If the Merrill Lynch had done otherwise, it would have had a substantial impact, on being known as, a reputable and trustworthy company. Clients would feel oblige to withdraw their accounts and seeking others to do their financial management. Law and civil suits could be brought against them. Finally the actually company could be fines heavily and restrict them from their daily operation.

Indictment & Verdict of Martha Stewart & Other Parties

Based on the charges, which included insider trading, conspiracy, obstruction of justice and making false statements on would determine if what it fair, in reference to Martha Stewart. The facts had been presented by the US attorneys and the Securities Exchange Commission because they felt that the crimes of Martha Stewart were considered to be serious white collar crimes.

According to the Securities and Exchange Act, Martha Stewart was found to have violated Section17 Rule 10 (b) (5) of the Securities and Exchange Commission’s Act she had been deemed to intentionally perform an inside trade directly or indirectly, singly or in concert, by the use of the means or instruments of transportation or communication in, or the means or instrumentalities of, interstate commerce, or by use of the mails, or of any facility of any national securities exchange, in the offer or sale, and in connection with the purchase or sale, of ImClone securities: (a) employed devices, schemes, or artifices to defraud; (b) obtained money or property by means of, or otherwise made, untrue statements of material fact or omitted to state material facts necessary in order to make the statements made, in the light of the circumstances under which they were made, not misleading; and (c) engaged in transactions, acts, practices and courses of business which operated or would have operated as a fraud or deceit upon purchasers of ImClone securities and upon other person (S.E.C v Martha Stewart v Peter Bacanovic). The court had operated on the facts presented in the case brought against Martha Stewart, assessing the case in contravention with the law. Furthermore, her position as a former director of NYSE, and working as a security broker from 1968 to 1973. One could argue that such factors had led both US attorneys and SEC in pursuing their respective cases. Stewart along with Waksal was also under investigation by the FBI.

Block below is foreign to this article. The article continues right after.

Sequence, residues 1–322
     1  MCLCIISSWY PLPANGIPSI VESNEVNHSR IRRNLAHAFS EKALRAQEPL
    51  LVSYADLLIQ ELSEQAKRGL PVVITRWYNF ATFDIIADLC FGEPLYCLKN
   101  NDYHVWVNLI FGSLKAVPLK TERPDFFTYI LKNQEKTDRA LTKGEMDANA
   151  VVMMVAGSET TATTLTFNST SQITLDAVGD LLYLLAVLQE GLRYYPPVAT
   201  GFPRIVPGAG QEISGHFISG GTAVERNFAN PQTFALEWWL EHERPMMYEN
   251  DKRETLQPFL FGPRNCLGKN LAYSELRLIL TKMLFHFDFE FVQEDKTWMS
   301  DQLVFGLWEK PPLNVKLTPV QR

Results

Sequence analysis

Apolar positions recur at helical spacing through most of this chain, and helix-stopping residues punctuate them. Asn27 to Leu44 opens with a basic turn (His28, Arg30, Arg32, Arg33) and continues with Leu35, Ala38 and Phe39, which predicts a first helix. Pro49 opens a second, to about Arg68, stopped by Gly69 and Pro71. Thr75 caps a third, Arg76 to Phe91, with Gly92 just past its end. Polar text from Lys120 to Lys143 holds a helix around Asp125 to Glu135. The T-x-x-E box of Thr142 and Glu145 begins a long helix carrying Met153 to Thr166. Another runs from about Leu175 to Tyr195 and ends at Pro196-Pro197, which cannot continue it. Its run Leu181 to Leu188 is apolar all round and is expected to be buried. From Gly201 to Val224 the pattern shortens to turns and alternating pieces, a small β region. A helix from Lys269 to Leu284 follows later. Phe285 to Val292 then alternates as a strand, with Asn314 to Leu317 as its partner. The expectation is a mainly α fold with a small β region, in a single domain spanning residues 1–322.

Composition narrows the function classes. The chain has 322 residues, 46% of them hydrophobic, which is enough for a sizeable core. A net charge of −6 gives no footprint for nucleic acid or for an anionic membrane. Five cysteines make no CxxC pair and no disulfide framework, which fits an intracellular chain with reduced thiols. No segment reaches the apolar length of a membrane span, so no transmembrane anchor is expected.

The indictment against Stewart was also based on evidence of possible cover up, in conjunction with Peter Bacanovic where they would have entered into an unlawful conspiracy to obstruct investigations.

The jury’s, eight women and four men, verdict that she was guilty beyond a reasonable doubt of the conspiracy and obstruction of justice charges was practical and just, some may argue. The jury deliberated for 14 hours over three days .On 5th the jurors had announced verdicts of Martha Stewart and Peter Bacanovic find each party guilty on four counts of lying and conspiring to lie to conceal the fact that she had been tipped with insider information. However, one can not necessarily say beyond a reasonable doubt because no tangible evidence was given to qualify such. One could agree it could be mere speculator and circumstantial even though she had deviated from the truth. Finally the verdict was practical and unavoidable because element of lying was very much evident especially with regard to her many public releases in addition to her obvious involvement in the entire controversy.

In conclusion, Truth is attainable in business and many accomplish it through honesty and integrity.Unfortunately, there are many commit fraud in the business world. It is important that everyone should know business ethics that is the study of good and evil, right and wrong, and just and unjust actions in business.A mass of principles,

values, norms and thoughts concerned with what conduct ought to be exists to guide them.In this case, if Martha Stewart were perhaps better trained in the field of ethics, she may have never suffered the terrible trial like this.


Overall one must seek to analyse the importance of both elements law and ethics; whether it is better to uphold one’s ethics or is it more beneficial to obey the law. Generally law and ethics often overlap, therefore striking a balance is essential when making the correct decisions. Law can be demarcated as a consistent set of universal rules that are generally accepted and often enforced. Very often it is held the business is not bound by any ethics other than abiding by the law.

In business one will uphold the law more so than one’s ethics because everything ethical is not always legal. Even though law embodies ethics and mandate ethical conduct the two are far from co existent. Ethical values and legal principles are still however somewhat closely related but ethical obligations often exceed the law. In some cases legislation must be passed in order to make an ethical perspective the broadened norm.

In my opinion, it would be practical, to assess the basis of the circumstance in question. If choosing to obey the law means giving oneself an opportunity to challenge the law through legal and/or political means, for the sake of one’s ethical beliefs; then that’s what one should do so. However, if making a stand for my ethical values outweighs any personal benefit for upholding the law, or it makes a significantly greater impact to stick by my ethics, then that’s what one should execute.

Moreover, the Martha Stewart case illustrate where the law had exceeded ethics. It showed how Bacanovic was unethical and unjust, in what instances did he do so. It indicated Faneuil improprieties as an agent as well as Bacanovic. Discussions surrounding Martha Stewart would captured the essence of which element is more important depend on the pros and cons or when the two meet in equilibrium. In many instances each on these defendants breached both in cohesion.